If you thought you could go to China to get away from Starbucks, think again - the ubiquitous coffee conglomerate already has a shop in Shanghai, and has just announced plans to open up in a second Chinese city later this year.
If you thought you could go to China to get away from Starbucks,
think again - the ubiquitous coffee conglomerate already has a shop in
Shanghai, and has just announced plans to open up in a second Chinese
city later this year.
The move is part of an aggressive expansion plan that has kept
Starbucks’ stock on analysts’ ’buy’ lists for quite some time now. The
speed of the global rollout even earned the company some gentle ribbing
from Mike Myers’ Austin Powers: The Spy Who Shagged Me. The headquarters
of Dr.Evil’s empire was a Starbucks.
Starbucks, named after the first mate in Melville’s Moby Dick, is
sailing along quite nicely. The company opens two stores a day and now
has 2,800 of them operating in 35 states and 13 international markets.
Most of its stores are light years away from the one in Seattle’s Pike
Place market, which stared it all back in 1971.
Such rapid expansion has kept Wanda Herndon’s public affairs team on its
feet. The firm has the support of Edelman, its national agency, and
three international PR shops. Meanwhile, nine agencies work on a
regional basis, handling mainly store openings and community relations.
According to Herndon, Starbucks’ international operations rely heavily
on the internal marketing staff, which is trained in PR.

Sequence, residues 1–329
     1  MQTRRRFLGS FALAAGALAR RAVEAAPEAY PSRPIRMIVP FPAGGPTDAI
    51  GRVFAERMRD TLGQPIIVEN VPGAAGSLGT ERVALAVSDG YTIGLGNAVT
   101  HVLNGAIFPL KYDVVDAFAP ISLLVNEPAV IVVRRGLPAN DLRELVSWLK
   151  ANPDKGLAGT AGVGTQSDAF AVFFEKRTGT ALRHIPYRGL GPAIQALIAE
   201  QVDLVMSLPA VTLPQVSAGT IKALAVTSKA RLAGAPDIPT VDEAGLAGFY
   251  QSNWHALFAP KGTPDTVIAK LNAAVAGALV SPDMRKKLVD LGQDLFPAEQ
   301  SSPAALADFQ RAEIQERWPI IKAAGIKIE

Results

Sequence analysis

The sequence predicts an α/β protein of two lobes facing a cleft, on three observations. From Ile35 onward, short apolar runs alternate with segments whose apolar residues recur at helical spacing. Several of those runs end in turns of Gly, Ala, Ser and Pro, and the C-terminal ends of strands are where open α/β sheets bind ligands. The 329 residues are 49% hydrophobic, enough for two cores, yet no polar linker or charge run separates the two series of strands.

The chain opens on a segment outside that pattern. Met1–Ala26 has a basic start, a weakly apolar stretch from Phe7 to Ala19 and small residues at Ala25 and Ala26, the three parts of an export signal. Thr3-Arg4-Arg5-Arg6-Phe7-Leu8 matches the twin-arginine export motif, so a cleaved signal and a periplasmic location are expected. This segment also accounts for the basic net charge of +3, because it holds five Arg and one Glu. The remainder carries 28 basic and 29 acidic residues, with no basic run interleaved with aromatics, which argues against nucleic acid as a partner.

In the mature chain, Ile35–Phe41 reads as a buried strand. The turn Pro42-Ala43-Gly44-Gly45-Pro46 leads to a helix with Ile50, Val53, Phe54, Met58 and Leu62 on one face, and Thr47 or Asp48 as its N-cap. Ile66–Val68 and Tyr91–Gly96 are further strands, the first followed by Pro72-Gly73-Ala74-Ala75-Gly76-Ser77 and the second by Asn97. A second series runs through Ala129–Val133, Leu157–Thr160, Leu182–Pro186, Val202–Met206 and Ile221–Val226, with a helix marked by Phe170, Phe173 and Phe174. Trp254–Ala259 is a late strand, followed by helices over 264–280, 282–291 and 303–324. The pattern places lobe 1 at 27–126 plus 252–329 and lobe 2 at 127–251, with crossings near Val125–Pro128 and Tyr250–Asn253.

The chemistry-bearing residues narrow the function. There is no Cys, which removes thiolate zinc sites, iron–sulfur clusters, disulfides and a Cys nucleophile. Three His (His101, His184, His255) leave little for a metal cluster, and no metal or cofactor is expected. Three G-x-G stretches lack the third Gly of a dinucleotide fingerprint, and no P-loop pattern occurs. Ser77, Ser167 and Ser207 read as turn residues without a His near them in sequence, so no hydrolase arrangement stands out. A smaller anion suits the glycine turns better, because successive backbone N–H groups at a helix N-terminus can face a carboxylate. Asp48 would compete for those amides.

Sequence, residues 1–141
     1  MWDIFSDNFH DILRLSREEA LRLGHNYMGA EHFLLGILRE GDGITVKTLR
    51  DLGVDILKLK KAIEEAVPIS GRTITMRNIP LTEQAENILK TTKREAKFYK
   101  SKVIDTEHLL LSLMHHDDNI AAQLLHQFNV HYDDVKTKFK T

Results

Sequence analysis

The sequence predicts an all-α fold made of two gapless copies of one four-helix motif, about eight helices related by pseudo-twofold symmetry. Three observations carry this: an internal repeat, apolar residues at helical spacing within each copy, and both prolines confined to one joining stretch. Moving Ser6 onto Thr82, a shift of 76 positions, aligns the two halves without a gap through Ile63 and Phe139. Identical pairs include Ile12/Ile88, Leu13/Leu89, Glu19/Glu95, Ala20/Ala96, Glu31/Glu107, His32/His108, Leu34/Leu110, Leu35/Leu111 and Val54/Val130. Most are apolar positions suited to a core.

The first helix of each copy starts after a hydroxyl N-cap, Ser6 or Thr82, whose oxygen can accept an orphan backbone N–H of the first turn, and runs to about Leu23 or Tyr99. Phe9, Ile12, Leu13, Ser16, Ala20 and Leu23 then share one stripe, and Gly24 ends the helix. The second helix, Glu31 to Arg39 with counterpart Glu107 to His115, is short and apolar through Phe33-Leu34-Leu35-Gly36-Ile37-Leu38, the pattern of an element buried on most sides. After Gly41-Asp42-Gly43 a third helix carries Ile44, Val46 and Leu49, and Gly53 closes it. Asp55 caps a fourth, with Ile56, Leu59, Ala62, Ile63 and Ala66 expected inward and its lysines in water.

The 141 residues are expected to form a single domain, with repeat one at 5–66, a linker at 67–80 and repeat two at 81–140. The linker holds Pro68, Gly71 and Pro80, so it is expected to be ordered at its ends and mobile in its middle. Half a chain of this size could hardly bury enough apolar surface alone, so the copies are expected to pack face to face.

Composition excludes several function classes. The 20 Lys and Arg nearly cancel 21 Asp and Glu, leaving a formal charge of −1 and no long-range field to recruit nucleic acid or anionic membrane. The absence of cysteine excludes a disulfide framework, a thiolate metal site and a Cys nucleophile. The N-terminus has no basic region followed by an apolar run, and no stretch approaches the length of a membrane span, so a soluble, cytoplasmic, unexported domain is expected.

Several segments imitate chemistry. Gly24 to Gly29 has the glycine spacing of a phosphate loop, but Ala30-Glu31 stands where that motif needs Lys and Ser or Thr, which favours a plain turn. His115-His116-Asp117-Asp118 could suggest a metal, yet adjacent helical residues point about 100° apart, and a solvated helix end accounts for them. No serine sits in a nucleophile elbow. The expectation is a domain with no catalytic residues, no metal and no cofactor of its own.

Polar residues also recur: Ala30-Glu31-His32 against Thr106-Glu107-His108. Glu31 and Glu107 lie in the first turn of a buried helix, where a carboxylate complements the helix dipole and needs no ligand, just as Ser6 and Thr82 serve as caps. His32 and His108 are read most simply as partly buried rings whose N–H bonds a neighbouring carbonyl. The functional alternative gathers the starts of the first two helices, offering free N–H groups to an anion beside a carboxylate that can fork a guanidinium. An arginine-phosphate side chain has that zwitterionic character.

More than just coffee brewing
The number-one mission of the Seattle-based PR team is to communicate
the firm’s success in bringing the Italian-style coffee drinking
experience to the world. But it is also instrumental in promoting the
firm’s products through events such as ’Coffee College,’ where the PR
team shows journalists how to brew the perfect cup.
As well as the proliferation of stores, Starbucks has been expanding its
range of product offerings. It has joint ventures with PepsiCo for the
cold bottled drink Frappuccino; Breyers for coffee-flavored ice cream;
and Capitol Records, which produces CDs sold in Starbucks.
Herndon, who served stints at DuPont and Dow Chemical, says she works
hard to ensure the company is at the forefront of socially responsible
programs. Starbucks has linked up with celebrities like Mark McGwire and
makes a donation of dollars 5,000 to local literacy programs for each
home run he slugs. It also has a joint venture with basketball legend
Magic Johnson to open stores in underdeveloped urban areas such as New
Starbucks has even formalized this effort, installing a senior vice
president of corporate social responsibility.
But it’s not all warm-fuzzy coffee talk. One of the most significant
tests of Starbucks’ PR mettle came last year when three employees were
killed in a robbery attempt on one of its Washington, DC stores. The
Starbucks team called in its regional PR agency, Brotman Winter Fried,
to clear the horde of reporters and cameras from the front of the
Because the East Coast media were baying for some kind of statement from
Starbucks, Herndon put out an initial release, which basically admitted
that the team didn’t have much information about the event. Herndon
later identified a media spokesman, regional director Dean Torrenga.
Director of public affairs Alan Gulick recalls, ’It was a very sad day
for the company. It was important to reach out to the partners
(employees) and to the families.’
The public affairs team was at the forefront of organizing a memorial
service. Starbucks CEO Howard Schultz made the decision to donate net
profits from the store to a charity benefiting victims of violence. At
the end of the memorial service Schultz talked to the media, but Herndon
answered all media queries.
Starbucks’ PR chief reports directly to the CEO, a former marketing man